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Identification of gene gives hope to children with progeria; May shed light on phenomenon of aging

[Boston, MA April 16, 2003] The Progeria Research Foundation (PRF), along with the National Institutes of Health (NIH), today announced the discovery of the gene that causes Hutchinson-Gilford Progeria Syndrome (HGPS or Progeria), a rare, fatal genetic condition characterized by an appearance of accelerated aging in children.

"Isolating the Progeria gene is a major achievement for the medical research community," said Francis Collins, MD, PhD, director, National Human Genome Research Institute and the senior author on the report, which appears today in Nature. "The discovery not only gives hope to children and families affected by Progeria, but also may shed light on the phenomenon of aging and cardiovascular disease."

Children with Progeria die from complications of cardiovascular disease or arteriosclerosis at an average age of 13. Researchers now believe finding the gene that causes Progeria may lead to answers surrounding the natural aging process and cardiovascular disease. Heart disease and stroke are the first and third leading causes of death in the United States, accounting for more than 40 percent of all deaths.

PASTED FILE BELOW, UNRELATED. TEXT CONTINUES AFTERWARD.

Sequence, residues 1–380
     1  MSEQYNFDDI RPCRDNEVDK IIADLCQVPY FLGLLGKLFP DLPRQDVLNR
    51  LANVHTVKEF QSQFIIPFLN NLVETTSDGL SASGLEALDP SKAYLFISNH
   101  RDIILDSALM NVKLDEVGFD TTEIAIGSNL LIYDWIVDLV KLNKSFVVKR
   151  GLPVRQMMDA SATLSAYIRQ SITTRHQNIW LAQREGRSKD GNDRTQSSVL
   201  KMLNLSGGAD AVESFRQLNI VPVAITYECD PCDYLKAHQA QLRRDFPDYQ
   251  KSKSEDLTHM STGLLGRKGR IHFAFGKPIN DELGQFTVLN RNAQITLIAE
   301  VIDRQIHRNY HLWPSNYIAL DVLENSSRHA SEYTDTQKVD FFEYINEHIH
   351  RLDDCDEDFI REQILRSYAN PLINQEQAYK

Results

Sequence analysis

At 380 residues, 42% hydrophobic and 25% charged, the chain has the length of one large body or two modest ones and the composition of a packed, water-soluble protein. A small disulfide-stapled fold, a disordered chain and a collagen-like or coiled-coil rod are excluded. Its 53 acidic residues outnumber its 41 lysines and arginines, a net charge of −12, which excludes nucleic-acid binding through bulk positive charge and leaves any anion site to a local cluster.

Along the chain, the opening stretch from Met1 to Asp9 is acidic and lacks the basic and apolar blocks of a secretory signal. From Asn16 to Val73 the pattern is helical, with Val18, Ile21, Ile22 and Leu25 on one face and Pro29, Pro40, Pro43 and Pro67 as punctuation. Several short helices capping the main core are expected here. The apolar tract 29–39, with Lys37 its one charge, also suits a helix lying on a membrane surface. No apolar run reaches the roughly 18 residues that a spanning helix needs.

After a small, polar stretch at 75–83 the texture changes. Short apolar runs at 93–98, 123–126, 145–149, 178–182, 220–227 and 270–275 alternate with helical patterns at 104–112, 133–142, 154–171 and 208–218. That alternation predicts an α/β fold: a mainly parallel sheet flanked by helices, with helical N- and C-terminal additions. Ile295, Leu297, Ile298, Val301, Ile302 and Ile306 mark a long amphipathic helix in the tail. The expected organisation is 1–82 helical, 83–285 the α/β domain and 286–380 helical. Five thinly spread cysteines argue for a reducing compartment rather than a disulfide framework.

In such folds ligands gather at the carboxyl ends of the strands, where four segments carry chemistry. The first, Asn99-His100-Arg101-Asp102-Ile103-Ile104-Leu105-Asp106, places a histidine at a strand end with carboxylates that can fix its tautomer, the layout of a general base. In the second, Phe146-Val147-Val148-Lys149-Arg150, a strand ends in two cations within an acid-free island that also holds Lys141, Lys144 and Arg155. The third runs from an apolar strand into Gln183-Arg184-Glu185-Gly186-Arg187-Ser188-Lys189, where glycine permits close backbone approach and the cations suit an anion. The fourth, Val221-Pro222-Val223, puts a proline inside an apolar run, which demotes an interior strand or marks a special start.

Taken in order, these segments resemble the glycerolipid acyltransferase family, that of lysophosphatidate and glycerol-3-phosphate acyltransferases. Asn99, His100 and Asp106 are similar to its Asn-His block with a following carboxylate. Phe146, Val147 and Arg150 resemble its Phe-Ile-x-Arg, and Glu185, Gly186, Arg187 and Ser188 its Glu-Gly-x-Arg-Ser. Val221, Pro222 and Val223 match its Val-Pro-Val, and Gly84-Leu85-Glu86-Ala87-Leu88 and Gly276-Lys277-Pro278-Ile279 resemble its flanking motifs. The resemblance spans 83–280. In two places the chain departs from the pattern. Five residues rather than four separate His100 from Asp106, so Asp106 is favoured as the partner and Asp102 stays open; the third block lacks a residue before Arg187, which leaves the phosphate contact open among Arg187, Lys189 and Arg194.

Within just one year of beginning the research, a group of leading scientists from the PRF Genetics Consortium were able to isolate the Progeria gene. Key aspects of the finding include the fact that Progeria is not inherited and that mutations to the gene LMNA (Lamin A) cause Progeria. The Lamin A protein is the structural scaffolding that holds the nucleus together and has been studied for years. Researchers now believe that the defective Lamin A protein makes the nucleus unstable. That cellular instability leads to the process of premature aging in Progeria.

In March 1999, Scott D. Berns, MD, MPH and Leslie Gordon, MD, PhD together with family, friends and colleagues formed the Progeria Research Foundation after their son Sam was diagnosed with Progeria at 21 months. They discovered a tremendous lack
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Contact: Liza Morris
lmorris@spectrumscience.com
202-355-6222
NIH/National Human Genome Research Institute
16-Apr-2003


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